1- Lynda Barry


2- Roz Chast




Jamie Hewlett

Though Tank Girl can get pretty kooky, this work ultimately classifies as super-hero comics and that’s not part of our world.


Julia Wertz

One of the few female cartoonists who is a D and not a P. Though her stories are fun, she needs a bit more time at the table under her belt before we can put her with the greats.


Kim Deitch

This is a psychedelic poster artist who happens to do cartoons.


Tony Millionaire

I can’t explain why I hate these comics. There’s just something not right about them.


Scott McCloud

More known for his comics about comics than anything else.


Bob Fingerman

The way he draws is almost like he’s trying to torture you. He should be doing caricatures in Times Square.


Sam Henderson

Very funny dude who can’t draw.


Aline Kalinsky Crumb

One of the worst cartoonists in the world. She actually brought down Crumb’s legacy from #1 to #2.



GABE FOWLER: Gabriel is the proprietor of Desert Island, a wonderful comic book store in Brooklyn on 540 Metropolitan Ave. He sells just about everything there so that might be why he wasn’t joining my condemnation of super hero comics. This episode was about listing the top 32 cartoonists of all time (something we finished on but Gabe didn’t seem to enjoy the idea of ranking and listing artists. This may be the last episode of Free Speech as I am moving the operation over to Love you guys. Don’t go changing. Not your socks, nothing.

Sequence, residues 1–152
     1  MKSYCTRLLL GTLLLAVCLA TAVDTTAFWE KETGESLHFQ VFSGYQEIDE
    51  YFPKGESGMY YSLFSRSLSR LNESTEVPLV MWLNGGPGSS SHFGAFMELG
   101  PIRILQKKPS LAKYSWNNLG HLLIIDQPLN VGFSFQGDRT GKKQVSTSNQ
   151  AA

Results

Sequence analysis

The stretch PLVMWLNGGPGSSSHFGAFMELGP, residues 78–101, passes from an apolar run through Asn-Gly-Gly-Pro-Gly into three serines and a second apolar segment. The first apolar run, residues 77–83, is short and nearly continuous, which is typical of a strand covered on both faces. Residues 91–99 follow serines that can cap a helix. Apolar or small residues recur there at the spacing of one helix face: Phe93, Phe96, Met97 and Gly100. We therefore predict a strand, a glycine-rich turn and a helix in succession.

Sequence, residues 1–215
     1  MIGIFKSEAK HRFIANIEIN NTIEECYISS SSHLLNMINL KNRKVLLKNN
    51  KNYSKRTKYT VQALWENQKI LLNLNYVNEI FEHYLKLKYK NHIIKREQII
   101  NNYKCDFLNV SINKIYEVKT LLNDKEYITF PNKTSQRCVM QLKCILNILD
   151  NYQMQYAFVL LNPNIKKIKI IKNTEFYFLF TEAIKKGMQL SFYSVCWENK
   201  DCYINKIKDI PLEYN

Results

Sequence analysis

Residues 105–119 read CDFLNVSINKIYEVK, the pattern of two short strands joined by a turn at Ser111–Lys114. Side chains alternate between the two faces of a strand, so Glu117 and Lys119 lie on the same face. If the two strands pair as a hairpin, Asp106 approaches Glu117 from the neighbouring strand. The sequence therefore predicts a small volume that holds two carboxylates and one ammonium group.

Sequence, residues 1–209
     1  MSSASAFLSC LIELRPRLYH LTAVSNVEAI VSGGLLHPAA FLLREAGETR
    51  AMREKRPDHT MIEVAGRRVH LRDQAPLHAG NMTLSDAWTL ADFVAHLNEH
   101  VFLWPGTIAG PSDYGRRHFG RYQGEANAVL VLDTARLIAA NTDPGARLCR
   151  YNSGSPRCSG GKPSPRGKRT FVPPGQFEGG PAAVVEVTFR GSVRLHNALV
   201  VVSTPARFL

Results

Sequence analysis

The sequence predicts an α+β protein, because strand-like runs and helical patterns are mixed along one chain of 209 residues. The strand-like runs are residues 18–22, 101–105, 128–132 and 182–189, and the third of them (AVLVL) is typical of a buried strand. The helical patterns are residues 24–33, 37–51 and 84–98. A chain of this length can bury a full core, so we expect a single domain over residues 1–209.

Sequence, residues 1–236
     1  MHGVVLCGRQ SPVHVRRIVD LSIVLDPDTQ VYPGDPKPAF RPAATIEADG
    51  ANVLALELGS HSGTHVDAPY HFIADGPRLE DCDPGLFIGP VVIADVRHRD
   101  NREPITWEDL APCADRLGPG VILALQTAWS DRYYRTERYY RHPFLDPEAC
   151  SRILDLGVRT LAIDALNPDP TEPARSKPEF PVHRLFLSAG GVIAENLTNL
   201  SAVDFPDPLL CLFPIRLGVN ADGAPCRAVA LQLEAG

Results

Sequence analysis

1. A. Non. Amiss says:

    Hey Gavin, congratulations being 20 years late on the adulation of these artists (I guess 55+ years on Crumb?). You didn’t invent hipsters, you just made them more mediocre.

  2. MoistAngst says:

    I can’t believe that there’s no mention of Harvey Pekar here. He pretty much invented the autobiographical comic genre with his American Splendor. He was also great at busting David Letterman’s balls back in the day. Phoebe Gloeckner deserves a mention too. Her book Child’s Life and Other Stories is a dark and twisted account of drugs, sexual abuse, and recovery that is beautifully drawn.

  3. pat says:

    not bad nigga. liked gavin’s illustrations back in the day, including the
    bdp rapper stuff. some crumb and pekar would be welcomed tho.

  4. shimizu says:

    joan cornella

  5. justin says:

    @A. Non. Amiss

    20 years late? so if someone 30 years from now appreciates these same artists they’ll be 50 years late? fuck off hipster.

  6. Billy Gutsgruff says:

    Art Spiegelman? Yuck. Good thing you didn’t double this one up on TakMag.

  7. Enar says: